“Best of Bob and Doug MacKenzie” from SCTV

For your consideration … here’s 20 minutes of Bob & Doug MacKenzie clips recorded for various “SCTV” episodes during the early 1980s.  The origin for the MacKenzie brothers came from the Canadian government who insisted that “SCTV” broadcast two minutes of exclusively Canadian “content.”  SCTV producer/writer/performer Dave Thomas was flabbergasted at such a demand, so he decided to give them the worst stereotype of Canada he could possibly think of.  Thomas and fellow SCTV cast member / writer Rick Moranis gave them two dumb drunk Canadians who talked about nonsense for two minutes.  Thomas said that all of their clips were made up on the spot and because they were recorded at the end of the day when everyone went home … they took full advantage of this time to … well … to unwind … meaning that beer they were enjoying was real.  I think that’s called method acting, eh.

The irony, of course, was that this throwaway bit, done with as little preparation as possible, wound up becoming “SCTV”‘s most popular recurring segment, leading to a Top 10  album in the US and a feature-length film for MGM in 1983 called “Strange Brew.”  I’m sure any similarity with the creation of the MacKenzie Brothers and Spike Lee’s “Bamboozled” is purely coincidental.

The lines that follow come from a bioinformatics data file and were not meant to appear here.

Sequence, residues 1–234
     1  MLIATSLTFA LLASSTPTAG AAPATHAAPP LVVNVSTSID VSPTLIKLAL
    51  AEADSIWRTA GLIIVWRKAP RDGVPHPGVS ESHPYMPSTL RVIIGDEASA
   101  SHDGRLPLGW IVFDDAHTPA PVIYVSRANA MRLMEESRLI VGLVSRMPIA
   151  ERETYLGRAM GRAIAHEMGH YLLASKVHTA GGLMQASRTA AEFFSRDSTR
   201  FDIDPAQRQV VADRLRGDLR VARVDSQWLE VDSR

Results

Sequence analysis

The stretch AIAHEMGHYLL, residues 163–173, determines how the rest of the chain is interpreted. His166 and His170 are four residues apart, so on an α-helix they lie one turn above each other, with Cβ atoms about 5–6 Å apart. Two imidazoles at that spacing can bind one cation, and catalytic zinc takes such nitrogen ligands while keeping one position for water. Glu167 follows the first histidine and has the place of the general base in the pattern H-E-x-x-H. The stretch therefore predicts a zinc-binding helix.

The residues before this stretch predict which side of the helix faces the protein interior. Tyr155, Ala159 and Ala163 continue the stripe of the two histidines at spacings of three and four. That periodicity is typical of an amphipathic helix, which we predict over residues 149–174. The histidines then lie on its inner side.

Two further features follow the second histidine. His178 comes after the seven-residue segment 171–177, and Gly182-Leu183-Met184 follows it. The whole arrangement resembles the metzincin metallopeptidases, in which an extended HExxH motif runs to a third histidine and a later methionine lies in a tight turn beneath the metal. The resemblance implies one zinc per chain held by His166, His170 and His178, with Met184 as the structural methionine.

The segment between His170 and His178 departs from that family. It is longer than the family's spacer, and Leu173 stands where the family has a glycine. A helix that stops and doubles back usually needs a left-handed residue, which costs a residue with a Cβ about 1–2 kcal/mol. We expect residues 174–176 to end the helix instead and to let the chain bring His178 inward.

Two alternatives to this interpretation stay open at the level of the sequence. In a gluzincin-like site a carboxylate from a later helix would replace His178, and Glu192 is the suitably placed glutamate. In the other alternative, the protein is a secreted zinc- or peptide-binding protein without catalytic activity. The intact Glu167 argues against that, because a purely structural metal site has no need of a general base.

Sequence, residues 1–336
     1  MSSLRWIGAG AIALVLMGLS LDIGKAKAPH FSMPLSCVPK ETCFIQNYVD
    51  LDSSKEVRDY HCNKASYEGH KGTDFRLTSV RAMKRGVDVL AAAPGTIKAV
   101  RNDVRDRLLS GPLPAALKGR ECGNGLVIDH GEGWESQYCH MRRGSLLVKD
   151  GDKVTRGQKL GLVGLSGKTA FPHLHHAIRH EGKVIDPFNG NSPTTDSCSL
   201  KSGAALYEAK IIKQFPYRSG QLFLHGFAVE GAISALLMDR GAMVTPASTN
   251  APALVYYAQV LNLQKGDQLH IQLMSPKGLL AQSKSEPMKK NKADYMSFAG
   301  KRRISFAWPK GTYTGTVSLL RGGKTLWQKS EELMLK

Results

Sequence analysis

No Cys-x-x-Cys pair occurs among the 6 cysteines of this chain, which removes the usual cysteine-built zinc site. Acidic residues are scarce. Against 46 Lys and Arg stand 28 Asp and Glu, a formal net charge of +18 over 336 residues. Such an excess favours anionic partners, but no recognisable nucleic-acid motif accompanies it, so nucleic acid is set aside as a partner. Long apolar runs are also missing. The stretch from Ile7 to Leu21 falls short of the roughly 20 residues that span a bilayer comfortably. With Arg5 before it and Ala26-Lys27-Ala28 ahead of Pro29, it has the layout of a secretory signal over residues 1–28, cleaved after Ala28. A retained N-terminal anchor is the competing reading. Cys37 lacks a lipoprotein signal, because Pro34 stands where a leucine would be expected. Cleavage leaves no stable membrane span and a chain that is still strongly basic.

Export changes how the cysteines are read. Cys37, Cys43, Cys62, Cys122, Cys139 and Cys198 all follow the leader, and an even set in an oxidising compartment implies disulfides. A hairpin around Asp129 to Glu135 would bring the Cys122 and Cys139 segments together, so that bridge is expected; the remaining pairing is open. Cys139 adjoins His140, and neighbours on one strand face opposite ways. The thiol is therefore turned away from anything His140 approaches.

If you’re at all interested in the MacKenzie Brothers, “Strange Brew” or SCTV in general, you’re encouraged to check out the mammoth 4-hour podcast from the Projection Booth about all of these things.  The podcast is hosted by Mike White, Skizz Cyzyk, and actor Craig Bierko (“The Long Kiss Goodnight,” “Cinderella Man”) and features interviews with Thomas, screenwriter Steve De Jarnatt, actress Lynne Griffin (“Pam”), and author Jeff Robbins.  It’s a beauty, eh.
http://projection-booth.blogspot.com/2014/09/episode-182-strange-brew.html

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“Gimme Jackie” from SCTV (1983)

From the 1983-1984 Cinemax-era in SCTV’s history comes their brilliant parody of the infamous Rolling Stones documentary “Gimme Shelter” … reimagined as a vehicle for Martin Short’s brilliantly obnoxious albino lounge singer Jackie Rogers Jr. called (what else?) “Gimme Jackie.” Only instead of the Hells Angels wreaking murderous havoc on the crowd, Jackie hires the Shriners … who prove to be an all-too-formidable and frightening security force. Watch closely and you’ll see many striking similarities between Short’s Rogers character and Mike Myers’ Austin Powers character that appeared over 10 years later.

This is a great example of why SCTV was … and still is … one of the most brilliant concepts in the history of world comedy. This was humor for very culturally savvy folks and you either got it immediately or you needed to do your homework. Brilliantly funny stuff.

As a bonus, the first minute and a half features Dave Thomas’s spot-on Mel Gibson impression … when Gibson was still more of a cult actor in Canada and the United States.